As Senior Counsel at LDF, Rachel uses litigation, policy, advocacy and public education to ensure access to equal opportunity in all of LDF’s practice areas, including education, economic justice and criminal justice. Rachel is also an Adjunct Professor of Law at NYU Law School where she co-teaches LDF’s Racial Equity Strategies Clinic.
Rachel has challenged discriminatory practices impacting students at the pre-K through higher education levels. She has initiated civil rights complaints regarding improper police ticketing of students for minor misbehavior in Bryan, Texas and the use of a single multiple choice exam for admissions to New York City’s prestigious Specialized High Schools. Rachel speaks and writes about the criminalization of Black youth, and the school push-out policies and practices, such as discriminatory school discipline, that drive children out of school and into the juvenile and criminal justice system.
Rachel is currently lead counsel for LDF in Little v. Washington Metro Area Transit Authority  (WMATA), a federal putative class action lawsuit challenging WMATA’s use of an overly broad and unnecessarily punitive criminal background screening policy which has a disproportionate impact on qualified African American applicants and employees. In conjunction with the litigation and related advocacy around the WMATA case, Rachel has co-led a task force focusing on disparate impact litigation and strategic communications in the areas of employment and housing discrimination. She also co-authored LDF’s amicus brief  in Texas v. Inclusive Communities Project, a 2015 case where the United States Supreme Court unambiguously recognized both the legality and importance of the disparate impact protections set forth by the Fair Housing Act in addressing housing discrimination.
Rachel led LDF’s amicus effort in the case of Fisher v. University of Texas , a challenge to the constitutionality of the consideration of race in the University of Texas (“UT”) undergraduate admissions policy. LDF has long played a key role in the litigation of this case, filing an amicus brief before the U.S. Supreme Court in 2013 and twice presenting oral arguments to the U.S. Court of Appeals for the Fifth Circuit. In November of 2015, Rachel co-authored LDF’s United States Supreme Court amicus brief , which was filed on behalf of the University of Texas’s Black Student Alliance (BSA) and Black Ex-Student Alliance (BEST). LDF’s brief emphasized the continued importance of race-conscious admissions in not only admitting a diverse class but also preparing UT’s students and America’s future leaders. The brief also highlighted the critical role of diversity in breaking down stereotypes. Thus, LDF’s 2015 amicus brief asserts that “[w]hen students encounter classmates from different backgrounds—within and across dimensions of race, socio-economic status, and beyond—and come to understand and respect each other as individuals, they are all better for it.”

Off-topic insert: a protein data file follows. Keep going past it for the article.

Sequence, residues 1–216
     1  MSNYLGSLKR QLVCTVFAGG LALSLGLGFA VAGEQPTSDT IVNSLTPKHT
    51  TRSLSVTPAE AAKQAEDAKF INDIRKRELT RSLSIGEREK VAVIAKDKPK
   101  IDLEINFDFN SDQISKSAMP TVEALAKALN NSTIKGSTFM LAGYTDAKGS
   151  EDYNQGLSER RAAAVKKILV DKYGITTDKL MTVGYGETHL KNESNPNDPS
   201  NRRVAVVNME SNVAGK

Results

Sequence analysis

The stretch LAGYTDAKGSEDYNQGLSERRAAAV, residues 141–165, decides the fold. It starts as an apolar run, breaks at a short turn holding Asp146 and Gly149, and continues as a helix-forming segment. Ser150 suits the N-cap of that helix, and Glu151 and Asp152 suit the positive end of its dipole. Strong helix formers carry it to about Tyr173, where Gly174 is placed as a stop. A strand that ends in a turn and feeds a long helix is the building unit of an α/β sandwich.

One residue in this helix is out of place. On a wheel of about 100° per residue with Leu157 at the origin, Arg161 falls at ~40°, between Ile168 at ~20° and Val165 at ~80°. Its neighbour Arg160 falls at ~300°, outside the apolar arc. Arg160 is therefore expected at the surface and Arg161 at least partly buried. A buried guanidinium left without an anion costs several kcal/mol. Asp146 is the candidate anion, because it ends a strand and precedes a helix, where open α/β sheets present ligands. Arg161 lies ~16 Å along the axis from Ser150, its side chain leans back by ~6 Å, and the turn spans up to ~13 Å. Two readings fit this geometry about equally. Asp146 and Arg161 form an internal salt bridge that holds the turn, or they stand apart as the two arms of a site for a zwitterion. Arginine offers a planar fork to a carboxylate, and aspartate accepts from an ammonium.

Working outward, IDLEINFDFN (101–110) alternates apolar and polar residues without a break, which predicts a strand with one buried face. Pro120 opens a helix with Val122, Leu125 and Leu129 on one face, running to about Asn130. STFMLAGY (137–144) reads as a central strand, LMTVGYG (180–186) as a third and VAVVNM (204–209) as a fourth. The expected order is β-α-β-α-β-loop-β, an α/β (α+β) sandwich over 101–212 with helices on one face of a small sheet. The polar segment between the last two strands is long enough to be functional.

Rachel also serves as counsel in Davis, et al. v. City of New York and New York City Housing Authority , a federal class action lawsuit challenging the New York City Police Department’s unlawful practice of stopping and arresting New York City public housing residents and their guests for purportedly trespassing in public housing residences.
Prior to joining LDF, Rachel was a litigation associate at the plaintiff-side law firm, Beldock, Levine & Hoffman LLP. There, she developed a civil rights practice with a focus on police misconduct and employment discrimination. Prior to joining Beldock, she served as a law clerk to the Hon. Michael H. Dolinger in the Southern District of New York. Ms. Kleinman received her law degree from Fordham University School of Law magna cum laude, where she was a Stein Scholar for Public Interest Law & Ethics and the Associate Research and Writing Editor for the Fordham Urban Law Journal. Ms. Kleinman graduated from Brown University with a degree in American Civilization with honors. She served as an Adjunct Professor of Law at the Fordham University School of Law for seven years.